V-Sync: Driver or Game?

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Glide
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V-Sync: Driver or Game?

Post by Glide » 24 Mar 2015, 22:12

I was wondering what downsides there are to using using driver-level V-Sync compared to in-game V-Sync options.
Is this potentially going to add a lot of input lag?

Disabling in-game v-sync and forcing v-sync in the NVIDIA drivers often seems to fix or greatly improve frame-pacing issues.

Playing through the second episode of Life is Strange really emphasized that. The default frame-pacing is terrible, which seems to be a common issue with games running on Unreal Engine 3.
Image

If I set the maximum number of pre-rendered frames to 1, frame pacing is greatly improved:
Image

If I do this and also disable the in-game v-sync, forcing v-sync in the driver instead, I get excellent frame-pacing:
Image

The difference in fluidity is staggering on this 60Hz display.

It proved to be a perfect demonstration of how your framerate can appear to be great, but the game itself is a stuttering mess.
I should point out that these results were with a single card - an old 570 - though I had similar problems with the first episode when I still had a 970.

Input lag does not matter for this game because I'm playing it on a TV with a controller, but I wonder whether it would be a problem in other games if I'm using the driver-level v-sync instead of the in-game v-sync.
To have such smooth frame pacing, I have to imagine that NVIDIA are buffering the frames.

This also raises other questions for me:
Is frame-pacing an issue with G-Sync at all, or does it bypass that altogether?
Do AMD have similar options that will improve frame pacing in games?

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lexlazootin
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Re: V-Sync: Driver or Game?

Post by lexlazootin » 24 Mar 2015, 22:36

What software are you using to record frame times? i got a amd and might check it out.

Glide
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Re: V-Sync: Driver or Game?

Post by Glide » 24 Mar 2015, 22:48

lexlazootin wrote:What software are you using to record frame times? i got a amd and might check it out.
I had MSI Afterburner polling at 100ms. (its minimum interval)
I know that is not ideal, since the frame time is 16.7ms, but the results were consistent and very obvious in person.

flood
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Re: V-Sync: Driver or Game?

Post by flood » 25 Mar 2015, 04:19

could be that the game is manually sleeping for a period of time.

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lexlazootin
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Re: V-Sync: Driver or Game?

Post by lexlazootin » 25 Mar 2015, 06:07

Glide wrote:Do AMD have similar options that will improve frame pacing in games?
My driver hates me... i can't get my 280x driver to force VSync anything. Idk if it's something I've done or just that's just normal AMD behavior. Well i'm getting a 970 soon so I've deffs be trying the driver VSync because that's awesome performance difference!

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masterotaku
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Re: V-Sync: Driver or Game?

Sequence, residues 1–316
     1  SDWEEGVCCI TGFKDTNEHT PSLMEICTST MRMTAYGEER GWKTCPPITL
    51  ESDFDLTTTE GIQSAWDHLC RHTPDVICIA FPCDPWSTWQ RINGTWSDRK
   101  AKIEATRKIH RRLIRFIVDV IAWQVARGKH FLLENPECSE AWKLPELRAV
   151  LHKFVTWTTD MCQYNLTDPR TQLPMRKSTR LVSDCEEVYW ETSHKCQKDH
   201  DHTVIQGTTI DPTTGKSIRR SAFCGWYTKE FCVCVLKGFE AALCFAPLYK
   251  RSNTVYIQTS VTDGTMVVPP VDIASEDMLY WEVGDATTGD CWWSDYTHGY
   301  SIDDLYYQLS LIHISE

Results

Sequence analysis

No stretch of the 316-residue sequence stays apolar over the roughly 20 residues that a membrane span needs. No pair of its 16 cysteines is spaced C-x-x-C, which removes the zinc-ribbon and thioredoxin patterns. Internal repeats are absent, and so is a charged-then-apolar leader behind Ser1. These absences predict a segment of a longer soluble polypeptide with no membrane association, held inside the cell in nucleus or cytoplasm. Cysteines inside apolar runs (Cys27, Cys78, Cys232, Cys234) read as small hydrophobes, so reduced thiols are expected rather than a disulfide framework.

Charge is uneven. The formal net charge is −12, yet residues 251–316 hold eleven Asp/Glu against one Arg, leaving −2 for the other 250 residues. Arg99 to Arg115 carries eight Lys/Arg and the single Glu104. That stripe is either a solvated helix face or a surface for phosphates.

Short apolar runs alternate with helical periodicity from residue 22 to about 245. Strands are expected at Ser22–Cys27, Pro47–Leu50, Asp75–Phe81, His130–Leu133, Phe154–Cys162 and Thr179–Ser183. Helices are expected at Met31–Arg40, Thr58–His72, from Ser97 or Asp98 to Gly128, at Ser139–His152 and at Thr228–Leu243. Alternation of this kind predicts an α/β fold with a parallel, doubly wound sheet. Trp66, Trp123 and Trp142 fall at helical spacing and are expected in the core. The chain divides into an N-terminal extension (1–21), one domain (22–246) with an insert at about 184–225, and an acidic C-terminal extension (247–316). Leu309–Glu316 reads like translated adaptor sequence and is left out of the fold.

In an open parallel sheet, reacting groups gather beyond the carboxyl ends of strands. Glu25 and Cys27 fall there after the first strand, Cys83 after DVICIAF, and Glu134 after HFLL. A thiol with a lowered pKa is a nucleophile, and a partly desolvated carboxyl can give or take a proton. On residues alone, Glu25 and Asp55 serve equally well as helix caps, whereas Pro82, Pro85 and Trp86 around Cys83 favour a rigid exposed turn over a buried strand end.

Post by masterotaku » 25 Mar 2015, 07:06

I have this same experience. I found that I have to force vsync in the Nvidia drivers in lots of games. In some of them, I even have to limit fps to the refresh rate with RTSS (F.E.A.R., Tomb Raider 2013 and some more games) or else I get microstuttering.

There are also rare cases like Castlevania Mirror of Fate, which is totally smooth only at 50fps or 100fps (this game is also capped at 100fps, that may be a reason). Some unity engine games like Anna or Shelter only work perfectly at 50fps in 2D or 3D. More fps than that are repeated. I play the games mentioned in this paragraph in 3D at 100Hz (50fps per eye).

Microstuttering is really easy to perceive when you don't have motion blur :lol: .
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Glide
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Re: V-Sync: Driver or Game?

Post by Glide » 25 Mar 2015, 09:33

masterotaku wrote:I have this same experience. I found that I have to force vsync in the Nvidia drivers in lots of games. In some of them, I even have to limit fps to the refresh rate with RTSS (F.E.A.R., Tomb Raider 2013 and some more games) or else I get microstuttering.

There are also rare cases like Castlevania Mirror of Fate, which is totally smooth only at 50fps or 100fps (this game is also capped at 100fps, that may be a reason). Some unity engine games like Anna or Shelter only work perfectly at 50fps in 2D or 3D. More fps than that are repeated. I play the games mentioned in this paragraph in 3D at 100Hz (50fps per eye).

Microstuttering is really easy to perceive when you don't have motion blur :lol: .
It was interesting because I rarely ever experience this sort of microstuttering where the game is running at 60 but it stutters very badly, since I have only ever used single GPU setups.
Normally if a game is stuttering, the performance is bad as well.

I tried all of the typical solutions: Driver frame limiting, RTSS frame limiting, increasing the maximum number of pre-rendered frames (which usually results in smoother gameplay at the cost of higher latency), even changing the game to its lowest quality settings, and combinations of all the above, but forcing the game to 1 pre-rendered frame and using driver v-sync was the only thing which fixed it in this case.